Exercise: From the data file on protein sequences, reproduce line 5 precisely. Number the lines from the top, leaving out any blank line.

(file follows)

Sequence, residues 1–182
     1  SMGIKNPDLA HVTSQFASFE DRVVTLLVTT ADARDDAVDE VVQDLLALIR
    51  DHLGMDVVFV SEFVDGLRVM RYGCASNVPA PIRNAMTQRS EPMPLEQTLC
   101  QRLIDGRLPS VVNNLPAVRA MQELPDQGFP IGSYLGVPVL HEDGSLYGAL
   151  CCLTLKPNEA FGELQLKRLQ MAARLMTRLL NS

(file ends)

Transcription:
   151  CCLTLKPNEA FGELQLKRLQ MAARLMTRLL NS